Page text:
"When we were building Wockhardt Hospitals, for over 19 years we had close to 3,000 beds and were the second largest. And the largest hospital boasts of 7,000 beds. Currently, there's a spend of close to USD 1,85,000 per bed. One of the biggest problems in the country is infrastructure development," said Vishal Bali of Medwell Ventures at the Decoding Healthcare event by Unitus Seed Fund in Bengaluru this week.
For a population of over a billion people, the healthcare market in India is growing at CAGR 17 per cent. It is believed to be one of the fastest growing sectors in the country. According to a report by IBEF, the total size of the healthcare industry is expected to touch USD 160 billion by 2017.
The Ministry of Health, Government of India, stated that in the 2016 financial year, there will be development of 50 technologies for the treatment of diseases like cancer and tuberculosis. The per capita spend is still less than USD 100 and is increasing at a CAGR of 30 per cent.
There seems to be a global shift towards focussing on the preventive cure and wellness segment. International healthtech players are already penetrating the wearables, bio devices, and fitness segment. Even technology giant Apple has begun to take notice of the growth in the segment. In India, the preventive cure and wellness segment is growing at close to 30 per cent YOY and is currently estimated to be USD 490 billion.
"But the bigger equation of accessibility and affordability is what constantly plays healthcare," added Vishal. While there is a growth trajectory there is huge demand and supply gap and the biggest stumbling block is infrastructure creation. Looking at this gap, Vishal believed the area we need to put money, resources, innovation and technology into was out-of-hospital care.
He said that there is this huge transition from hospital beds to apps. "This is actually revolutionalising healthcare. Ultimately, the conversation has been shifting towards not how many beds you can add, but how much more productivity each existing bed can give," Vishal added.
Predictive, Participatory, Preventive, and Precise are considered as the four Ps of the healthcare industry. Of these, the predictive space is where the shift seems to be happening. The game of genomics has reduced cost perspectives now than it did earlier. There are several devices that are becoming genomic analysers.
Vishal added that 23 per cent of the patients with chronic disease globally take away 72 per cent of the monies spent. This meant we spend 90 per cent of healthcare money in acute and close to 10 per cent in preventive diseases. However, today the consumer is looking for more control in terms of preventing diseases.
Vishal said, “Lots of activities are happening around personal devices and healthcare apps. And participation will push up the current number of wearable devices, which is 10 million. Pure play general activity in the healthcare seems to be slowly disappearing with the kind of innovation happening in the healthcare segment."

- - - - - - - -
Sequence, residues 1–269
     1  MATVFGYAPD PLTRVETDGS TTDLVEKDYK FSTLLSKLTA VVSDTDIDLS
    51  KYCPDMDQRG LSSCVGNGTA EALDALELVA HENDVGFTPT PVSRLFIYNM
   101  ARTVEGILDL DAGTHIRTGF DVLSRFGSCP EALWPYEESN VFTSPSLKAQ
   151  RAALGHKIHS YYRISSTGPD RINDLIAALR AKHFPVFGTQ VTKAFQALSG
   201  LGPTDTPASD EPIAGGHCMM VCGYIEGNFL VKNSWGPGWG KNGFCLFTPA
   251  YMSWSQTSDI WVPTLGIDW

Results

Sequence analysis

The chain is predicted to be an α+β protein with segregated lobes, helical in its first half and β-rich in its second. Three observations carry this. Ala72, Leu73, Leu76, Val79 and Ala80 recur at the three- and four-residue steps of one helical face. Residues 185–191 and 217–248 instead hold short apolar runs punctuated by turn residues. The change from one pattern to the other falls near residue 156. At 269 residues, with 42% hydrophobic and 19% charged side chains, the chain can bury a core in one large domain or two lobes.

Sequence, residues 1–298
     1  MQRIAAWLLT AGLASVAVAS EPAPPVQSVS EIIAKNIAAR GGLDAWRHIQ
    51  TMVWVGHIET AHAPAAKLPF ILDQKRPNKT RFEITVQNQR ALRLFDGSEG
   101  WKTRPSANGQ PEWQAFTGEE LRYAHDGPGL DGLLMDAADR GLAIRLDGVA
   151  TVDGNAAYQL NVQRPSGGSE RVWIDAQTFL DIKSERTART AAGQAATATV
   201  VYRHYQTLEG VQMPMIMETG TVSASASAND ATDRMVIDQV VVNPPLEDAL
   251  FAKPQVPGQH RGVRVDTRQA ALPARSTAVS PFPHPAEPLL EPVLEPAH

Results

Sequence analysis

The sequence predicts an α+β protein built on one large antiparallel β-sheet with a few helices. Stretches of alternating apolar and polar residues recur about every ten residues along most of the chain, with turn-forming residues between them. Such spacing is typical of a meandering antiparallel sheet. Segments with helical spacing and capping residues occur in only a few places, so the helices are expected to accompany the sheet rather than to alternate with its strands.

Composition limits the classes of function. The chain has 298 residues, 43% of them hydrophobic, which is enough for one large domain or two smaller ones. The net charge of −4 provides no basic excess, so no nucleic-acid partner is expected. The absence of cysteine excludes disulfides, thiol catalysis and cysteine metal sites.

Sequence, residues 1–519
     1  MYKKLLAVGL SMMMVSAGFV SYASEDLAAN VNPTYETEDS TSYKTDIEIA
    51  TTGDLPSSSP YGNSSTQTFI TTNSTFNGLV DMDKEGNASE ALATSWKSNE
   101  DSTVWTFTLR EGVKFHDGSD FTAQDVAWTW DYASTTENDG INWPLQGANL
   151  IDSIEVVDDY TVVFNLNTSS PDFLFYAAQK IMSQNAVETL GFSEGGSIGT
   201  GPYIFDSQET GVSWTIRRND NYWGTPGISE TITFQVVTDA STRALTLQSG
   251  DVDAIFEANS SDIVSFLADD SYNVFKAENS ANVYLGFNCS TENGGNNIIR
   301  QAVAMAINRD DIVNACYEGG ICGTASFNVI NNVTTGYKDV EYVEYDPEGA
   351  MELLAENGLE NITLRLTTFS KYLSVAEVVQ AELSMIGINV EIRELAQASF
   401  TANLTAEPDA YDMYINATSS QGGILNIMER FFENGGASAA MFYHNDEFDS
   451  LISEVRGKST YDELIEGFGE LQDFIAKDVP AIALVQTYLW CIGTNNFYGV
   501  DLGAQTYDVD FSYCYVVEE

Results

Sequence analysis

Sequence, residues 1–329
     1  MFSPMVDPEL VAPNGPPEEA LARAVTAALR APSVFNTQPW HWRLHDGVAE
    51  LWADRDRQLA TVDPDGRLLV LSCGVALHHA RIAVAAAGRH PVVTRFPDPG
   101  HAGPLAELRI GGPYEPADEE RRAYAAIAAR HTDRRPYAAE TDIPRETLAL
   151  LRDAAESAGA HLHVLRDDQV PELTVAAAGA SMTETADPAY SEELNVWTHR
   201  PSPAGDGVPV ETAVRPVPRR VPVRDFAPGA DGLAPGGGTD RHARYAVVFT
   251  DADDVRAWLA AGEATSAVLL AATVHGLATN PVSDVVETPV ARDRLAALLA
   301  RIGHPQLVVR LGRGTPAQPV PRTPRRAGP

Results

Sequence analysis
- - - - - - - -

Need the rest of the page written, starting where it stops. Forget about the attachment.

In 2014, 103 healthcare apps were approved by FDA and in 2015, the number is likely to cross 160 owing to the increasing number of app developers in India. This, Vishal added, could mean that clinicians can now also prescribe apps with medicines. The apps are transforming the world of healthcare and therefore millions of dollars of funds are chasing the healthcare startups in India.
It’s believed that the healthcare systems as we see them today will soon become archaic. With the quantum and quality of data that is generated on a regular basis, the healthcare industry has the opportunity to create better data analysis systems and determine patterns.
Late last year, it was reported that Intel would be working with Michael J Fox Foundation to conduct research for Parkinson’s disease. This initiative is aimed at using the data mined from wearable devices and detect disease progression patterns. Almost every equipment in a healthcare setup can be looked at as a data-mining machine and as means of improving disease detection.
"Mobile phones are becoming the gateway of healthcare industry," added Vishal. However, he said that one of the key challenges in the healthcare delivery is the lack of participatory process, whereas healthcare consumerisation is all about participation. Participatory mechanism makes consumers feel much more participative in their entire thought process of how healthcare is delivered to them.
Expected to touch USD 79 billion in 2012, the healthcare sector is now expected to reach USD 160 billion by 2017, and USD 280 billion by 2020. Today, it is considered one of the largest sectors in India, in terms of both revenue and employment.
Several reports suggest new technologies in telemedicine, big data in healthcare, m-health, healthcare delivery, and wearables are catching up. The markets are open not only for new players but even consolidation of the existing ones. There seems to be a fair amount of funding and traction in the healthcare and technology space in this region.